Mapping a cell’s proteome, the collection of proteins and proteoforms it contains, can provide detailed information on biological activities and make it possible to study the mechanisms behind these activities as well as diseases associated with them. Knowledge of the proteome may lead to a broad range of discoveries and applications including everything from new therapeutics to new ways to protect plants from drought.
Given the essential importance of the proteome, scientists have been studying it for many years using various protein analysis methods like mass spectrometry, protein sequencing and more. In this “Traditional protein analysis” series, we cover how researchers typically study the proteins that make up the proteome.
These protein analysis methods are not necessarily “ omics” scale technologies, which generally aim to measure all or a large amount of a particular type of biological molecule in a sample. Nonetheless, these methods form the foundations upon which proteomic analysis methods have been built. In a separate series, we dive into the technical concepts behind emerging omics technologies, which aim to enable scientists to study the full proteome.
Mass spectrometry, also called mass spec, is one of the primary tools researchers turn to for proteomic analysis. Mass spectrometers can identify specific proteins with high resolution, and they’re a fundamental tool for many protein researchers.
While there are many versions of mass spectrometry, they generally involve:
Using mass spectrometry, a researcher can get a list of proteins in their sample. Proteomics researchers can also use mass spectra to measure the relative abundance of the identified proteins.
As you might imagine, some proteins can generate very similar spectra and/or may not be separated well because they have similar masses and charges. In addition, protein spectra signals from high abundance proteins can often drown out signals from low abundance proteins. Thus, even with extensive optimization, mass spectrometry can only measure a fraction of the proteome.
Researchers can complement mass spectrometry with a variety of techniques that make the protein spectra easier to analyze. For instance, before putting them through the mass spectrometer, researchers can pass their proteins or digested proteins (peptides) through separation columns. These columns are tubes containing porous materials that separate proteins or peptides based on properties like size or hydrophobicity. Separations can be accomplished off-line, where a single sample is separated into multiple fractions and each fraction is analyzed separately.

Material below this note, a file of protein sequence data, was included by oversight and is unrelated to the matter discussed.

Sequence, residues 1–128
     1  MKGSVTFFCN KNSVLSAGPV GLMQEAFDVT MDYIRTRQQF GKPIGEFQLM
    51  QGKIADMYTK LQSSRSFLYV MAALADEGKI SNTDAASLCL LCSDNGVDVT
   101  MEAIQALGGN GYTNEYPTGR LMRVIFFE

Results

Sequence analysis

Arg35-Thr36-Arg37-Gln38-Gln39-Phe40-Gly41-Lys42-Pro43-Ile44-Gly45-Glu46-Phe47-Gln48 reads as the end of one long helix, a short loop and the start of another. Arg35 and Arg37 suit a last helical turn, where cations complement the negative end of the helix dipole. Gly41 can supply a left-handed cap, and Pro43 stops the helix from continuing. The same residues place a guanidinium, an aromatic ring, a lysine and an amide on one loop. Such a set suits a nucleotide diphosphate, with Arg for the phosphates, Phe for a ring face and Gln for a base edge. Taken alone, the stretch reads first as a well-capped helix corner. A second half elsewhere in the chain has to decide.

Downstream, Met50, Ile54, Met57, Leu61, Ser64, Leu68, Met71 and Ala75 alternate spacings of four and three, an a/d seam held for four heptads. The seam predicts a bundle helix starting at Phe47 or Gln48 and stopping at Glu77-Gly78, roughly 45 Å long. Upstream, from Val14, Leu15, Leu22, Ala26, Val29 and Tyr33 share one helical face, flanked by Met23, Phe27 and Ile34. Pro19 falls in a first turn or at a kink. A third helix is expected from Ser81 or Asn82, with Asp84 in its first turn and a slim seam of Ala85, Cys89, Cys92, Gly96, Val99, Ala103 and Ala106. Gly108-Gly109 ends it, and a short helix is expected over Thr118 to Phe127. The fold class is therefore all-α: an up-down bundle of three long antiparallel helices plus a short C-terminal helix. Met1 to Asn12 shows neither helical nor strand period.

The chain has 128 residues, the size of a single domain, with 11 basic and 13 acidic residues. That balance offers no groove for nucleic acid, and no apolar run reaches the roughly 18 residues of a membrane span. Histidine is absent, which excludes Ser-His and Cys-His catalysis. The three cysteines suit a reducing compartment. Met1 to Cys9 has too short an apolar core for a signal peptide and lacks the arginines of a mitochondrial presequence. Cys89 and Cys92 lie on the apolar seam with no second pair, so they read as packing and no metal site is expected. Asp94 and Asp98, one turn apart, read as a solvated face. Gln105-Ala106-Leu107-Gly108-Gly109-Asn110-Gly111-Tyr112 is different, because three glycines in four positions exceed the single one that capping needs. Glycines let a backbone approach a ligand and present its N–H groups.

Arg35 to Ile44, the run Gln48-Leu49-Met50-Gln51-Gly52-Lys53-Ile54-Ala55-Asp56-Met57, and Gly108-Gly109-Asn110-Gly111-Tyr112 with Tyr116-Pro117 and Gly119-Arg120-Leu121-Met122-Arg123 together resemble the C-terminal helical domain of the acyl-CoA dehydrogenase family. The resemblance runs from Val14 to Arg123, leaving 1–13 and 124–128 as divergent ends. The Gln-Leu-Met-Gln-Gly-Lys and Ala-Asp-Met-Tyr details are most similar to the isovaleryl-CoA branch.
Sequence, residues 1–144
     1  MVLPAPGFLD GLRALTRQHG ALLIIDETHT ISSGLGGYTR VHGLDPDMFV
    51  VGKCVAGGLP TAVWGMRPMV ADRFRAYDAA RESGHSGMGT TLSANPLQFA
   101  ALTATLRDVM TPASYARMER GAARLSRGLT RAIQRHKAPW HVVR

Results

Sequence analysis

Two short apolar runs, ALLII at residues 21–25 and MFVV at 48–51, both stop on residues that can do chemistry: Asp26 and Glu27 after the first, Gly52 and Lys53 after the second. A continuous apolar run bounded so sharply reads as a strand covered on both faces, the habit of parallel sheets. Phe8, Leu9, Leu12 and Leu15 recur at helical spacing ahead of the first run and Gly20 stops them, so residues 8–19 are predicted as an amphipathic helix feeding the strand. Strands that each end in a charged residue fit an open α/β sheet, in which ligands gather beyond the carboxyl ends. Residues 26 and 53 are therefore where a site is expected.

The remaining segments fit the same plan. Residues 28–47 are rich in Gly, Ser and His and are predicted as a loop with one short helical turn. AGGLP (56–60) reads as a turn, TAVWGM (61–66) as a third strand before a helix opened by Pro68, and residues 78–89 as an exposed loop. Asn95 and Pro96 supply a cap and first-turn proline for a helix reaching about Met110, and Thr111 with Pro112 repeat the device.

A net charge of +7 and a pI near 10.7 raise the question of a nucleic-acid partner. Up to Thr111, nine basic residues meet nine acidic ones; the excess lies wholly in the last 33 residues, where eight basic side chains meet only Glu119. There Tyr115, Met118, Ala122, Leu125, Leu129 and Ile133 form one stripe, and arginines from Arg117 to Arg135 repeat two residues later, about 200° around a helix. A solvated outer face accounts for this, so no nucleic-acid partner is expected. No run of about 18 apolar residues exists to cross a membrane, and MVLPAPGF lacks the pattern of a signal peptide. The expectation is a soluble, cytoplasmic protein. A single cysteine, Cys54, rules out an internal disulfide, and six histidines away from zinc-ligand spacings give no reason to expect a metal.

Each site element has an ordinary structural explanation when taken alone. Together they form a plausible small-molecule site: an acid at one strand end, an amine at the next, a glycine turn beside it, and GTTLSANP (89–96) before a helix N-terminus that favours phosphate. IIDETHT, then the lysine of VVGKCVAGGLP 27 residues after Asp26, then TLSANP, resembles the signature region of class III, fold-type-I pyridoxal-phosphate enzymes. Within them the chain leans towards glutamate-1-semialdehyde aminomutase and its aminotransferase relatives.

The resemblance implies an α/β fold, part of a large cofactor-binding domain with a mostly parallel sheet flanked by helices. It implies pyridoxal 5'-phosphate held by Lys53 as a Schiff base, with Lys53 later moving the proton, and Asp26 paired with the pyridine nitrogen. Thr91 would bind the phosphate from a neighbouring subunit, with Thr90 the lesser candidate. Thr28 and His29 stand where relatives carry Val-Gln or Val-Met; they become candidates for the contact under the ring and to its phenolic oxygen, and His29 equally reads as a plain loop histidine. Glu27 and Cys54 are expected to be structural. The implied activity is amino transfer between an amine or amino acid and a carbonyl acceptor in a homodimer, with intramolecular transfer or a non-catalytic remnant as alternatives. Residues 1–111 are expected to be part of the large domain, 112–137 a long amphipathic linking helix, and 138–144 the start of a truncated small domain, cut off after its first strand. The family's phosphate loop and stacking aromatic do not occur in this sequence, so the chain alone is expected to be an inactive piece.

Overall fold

Alternatively, with in-line separation, a researcher adds a single sample to the separation column and the proteins or peptides exiting the column can directly enter a mass spectrometer. Protein or peptide analytes are sequentially analyzed by the mass spectrometer based on how they interact with the column. As only a fraction of the proteins or peptides in the sample exit the column at any point in time, the mass spectrometer can focus analysis on a smaller number of analytes increasing detection and quantitation resolution.
While there are many mass spectrometry techniques for proteomics that can ultimately make the resulting spectra easier to analyze, they introduce biases into the protein detection process. For instance, some proteins may be incompatible with certain columns. Thus, these time-consuming processes may limit the amount of data researchers get from mass spectrometry in one experiment.
Despite its limitations for proteomics, mass spectrometry has been, for many years, the main tool available to researchers wishing to analyze more and more of the proteome. The technique has been used to make many biological discoveries and develop many therapeutics. It is continually being improved through instrumentation developments, innovative methods, and improved software for data analysis. To overcome some of the drawbacks of mass spectrometry for proteomics, many researchers are developing new technologies that will make it easier to comprehensively analyze the proteome. We discuss the concepts behind some of these up-and-coming proteomics technologies, including our own platform, in other “Proteomics” posts.
In the graphics portraying the technologies throughout this series, we provide qualitative assessments of proteome coverage and ease-of-use for each. Technologies with low proteome coverage, like western blotting and flow cytometry, are generally used for targeted experiments analyzing a small number of proteins at once. Medium coverage technologies like affinity arrays can look at 100’s to 1000’s of proteins in a single experiment. Truly comprehensive, high proteome coverage technologies can analyze tens of thousands of proteins at once.
Some protein analysis methods are easier to use than others. Low ease-of-use protein analysis technologies generally require complicated, difficult, or customized sample preparation involving a lot of hands-on experimenter time, and their data may be difficult to analyze or require bioinformatics support. High ease-of-use protein analysis technologies employ simple, standardized sample preparation, include more automation, and provide simple, data-rich outputs including protein abundance. Medium ease-of-use technologies have some mix of these attributes.
In addition to assessing standard metrics like these, we also discuss some of the advantages and disadvantages of each protein analysis technique. Many protein profiling technologies have specific pros and cons that make them ideal for certain applications, but not others.
Importantly, the technology assessments here should not be viewed as definitive. Rather, our goal is to help you think about how you can best leverage these technologies for your specific experimental goals.
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